One of the highlights was a Noir at the Bar with another bravura performance by Shawn Cosby, doing the story he did at the Mondoville N@tB. “The Grass Beneath My Feet” was up for an Anthony award this year, and his performance certainly didn’t hurt his chances. There were numerous terrific readings, capped off by an essay on the nature of noir — East Texas style — by regional stud duck Joe R. Lansdale, who has shown up in these posts on past occasions. For fuller details, check out David Nemeth’s report here.
I also took in panels that included a discussion of the fifty most influential mysteries of the B’con era (which conveniently enough, marked its own fiftieth birthday.) Quite a few of them I haven’t read, primarily because my own tastes run in some fairly specific directions (e.g., hardboiled, P.I., and noir) while the genre, like Whitman, is large and contains multitudes.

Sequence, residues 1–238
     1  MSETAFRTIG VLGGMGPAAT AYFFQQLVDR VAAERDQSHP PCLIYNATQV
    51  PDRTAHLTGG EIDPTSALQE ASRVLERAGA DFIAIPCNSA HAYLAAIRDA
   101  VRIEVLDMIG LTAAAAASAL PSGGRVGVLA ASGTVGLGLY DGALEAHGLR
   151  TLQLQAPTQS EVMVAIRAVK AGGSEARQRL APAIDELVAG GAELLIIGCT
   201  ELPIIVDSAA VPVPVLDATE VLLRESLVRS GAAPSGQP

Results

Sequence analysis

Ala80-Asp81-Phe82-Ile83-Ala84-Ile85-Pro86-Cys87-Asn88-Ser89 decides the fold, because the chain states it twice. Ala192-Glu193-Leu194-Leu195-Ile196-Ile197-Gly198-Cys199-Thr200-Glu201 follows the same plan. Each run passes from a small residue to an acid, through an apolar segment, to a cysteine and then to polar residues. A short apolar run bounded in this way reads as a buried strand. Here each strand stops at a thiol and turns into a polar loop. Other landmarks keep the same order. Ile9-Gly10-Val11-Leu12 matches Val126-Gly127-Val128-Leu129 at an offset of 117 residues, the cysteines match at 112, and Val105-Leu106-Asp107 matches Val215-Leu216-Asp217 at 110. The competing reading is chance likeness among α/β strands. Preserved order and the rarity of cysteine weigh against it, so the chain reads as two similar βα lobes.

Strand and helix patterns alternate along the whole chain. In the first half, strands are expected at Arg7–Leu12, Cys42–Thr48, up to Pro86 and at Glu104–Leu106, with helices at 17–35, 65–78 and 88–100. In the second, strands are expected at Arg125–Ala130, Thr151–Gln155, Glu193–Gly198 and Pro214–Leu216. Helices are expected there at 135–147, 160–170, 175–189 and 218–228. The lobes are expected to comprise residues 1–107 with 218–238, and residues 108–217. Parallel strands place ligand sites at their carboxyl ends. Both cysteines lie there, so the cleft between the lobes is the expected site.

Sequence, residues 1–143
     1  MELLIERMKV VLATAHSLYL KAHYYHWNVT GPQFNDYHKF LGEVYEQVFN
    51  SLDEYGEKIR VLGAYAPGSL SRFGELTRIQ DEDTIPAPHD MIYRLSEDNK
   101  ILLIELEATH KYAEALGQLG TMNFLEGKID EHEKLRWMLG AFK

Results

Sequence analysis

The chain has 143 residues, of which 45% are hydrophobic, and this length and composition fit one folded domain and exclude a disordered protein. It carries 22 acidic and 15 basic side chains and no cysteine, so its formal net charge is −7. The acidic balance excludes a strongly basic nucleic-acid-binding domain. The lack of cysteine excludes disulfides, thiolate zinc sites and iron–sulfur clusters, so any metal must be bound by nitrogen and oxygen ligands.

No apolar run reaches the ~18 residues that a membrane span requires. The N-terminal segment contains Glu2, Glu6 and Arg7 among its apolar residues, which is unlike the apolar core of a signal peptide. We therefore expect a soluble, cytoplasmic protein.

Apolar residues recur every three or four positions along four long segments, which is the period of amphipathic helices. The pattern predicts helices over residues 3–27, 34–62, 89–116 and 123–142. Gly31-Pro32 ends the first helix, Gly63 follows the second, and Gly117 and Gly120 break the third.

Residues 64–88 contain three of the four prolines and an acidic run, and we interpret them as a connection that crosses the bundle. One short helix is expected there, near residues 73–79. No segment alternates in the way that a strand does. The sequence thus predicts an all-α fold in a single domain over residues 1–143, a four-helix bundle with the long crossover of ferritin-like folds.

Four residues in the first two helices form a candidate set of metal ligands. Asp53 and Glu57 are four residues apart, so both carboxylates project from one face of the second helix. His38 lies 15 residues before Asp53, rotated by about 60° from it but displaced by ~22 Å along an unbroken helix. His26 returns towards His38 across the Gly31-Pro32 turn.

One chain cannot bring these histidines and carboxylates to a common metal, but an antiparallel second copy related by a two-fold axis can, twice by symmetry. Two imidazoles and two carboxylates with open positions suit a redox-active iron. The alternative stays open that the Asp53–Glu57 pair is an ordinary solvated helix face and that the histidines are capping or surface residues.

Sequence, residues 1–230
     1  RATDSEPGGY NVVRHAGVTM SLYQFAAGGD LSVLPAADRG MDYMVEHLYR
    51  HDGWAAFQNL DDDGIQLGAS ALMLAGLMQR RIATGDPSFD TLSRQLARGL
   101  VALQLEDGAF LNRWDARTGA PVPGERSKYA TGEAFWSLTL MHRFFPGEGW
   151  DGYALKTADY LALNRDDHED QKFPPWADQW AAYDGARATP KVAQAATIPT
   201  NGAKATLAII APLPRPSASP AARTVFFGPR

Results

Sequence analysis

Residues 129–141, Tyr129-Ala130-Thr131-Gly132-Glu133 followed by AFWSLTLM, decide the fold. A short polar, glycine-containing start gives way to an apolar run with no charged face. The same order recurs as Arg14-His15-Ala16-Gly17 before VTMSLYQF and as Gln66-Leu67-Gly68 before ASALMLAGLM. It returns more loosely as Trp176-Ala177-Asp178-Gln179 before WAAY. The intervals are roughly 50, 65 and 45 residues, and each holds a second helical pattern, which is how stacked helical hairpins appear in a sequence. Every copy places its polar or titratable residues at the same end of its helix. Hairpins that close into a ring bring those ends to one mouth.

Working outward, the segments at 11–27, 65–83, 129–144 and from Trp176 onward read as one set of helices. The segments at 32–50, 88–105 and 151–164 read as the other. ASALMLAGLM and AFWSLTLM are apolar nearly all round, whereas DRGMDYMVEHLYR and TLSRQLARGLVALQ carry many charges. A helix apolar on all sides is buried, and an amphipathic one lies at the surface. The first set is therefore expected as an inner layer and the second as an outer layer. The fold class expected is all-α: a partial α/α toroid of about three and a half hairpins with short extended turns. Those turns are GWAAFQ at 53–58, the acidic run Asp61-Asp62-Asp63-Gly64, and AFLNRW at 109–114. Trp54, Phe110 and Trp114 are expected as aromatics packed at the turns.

I would be remiss if I didn’t mention Jeff Vorzimmer at this point. Jeff is the editor of The Best of Manhunt, a collection of stories from the classic crime magazine of the 1950s. It includes a foreword and a story from Ell Bee, along with an intro by Jeff and an afterword from Barry Malzberg. Jeff and I kept showing up at the same panels, and he was gracious enough to give me a signed copy of the collection, and to get a picture of the two of us.
The collection was my reading for my flight home, and it was eminently satisfactory. I recommend it strongly.
Still another highlight involved my friend, the aforementioned Mr. Cosby, who won the Anthony for his short story. It’s well deserved, and I was happy to see him rewarded for excellent work. Congratulations, big man!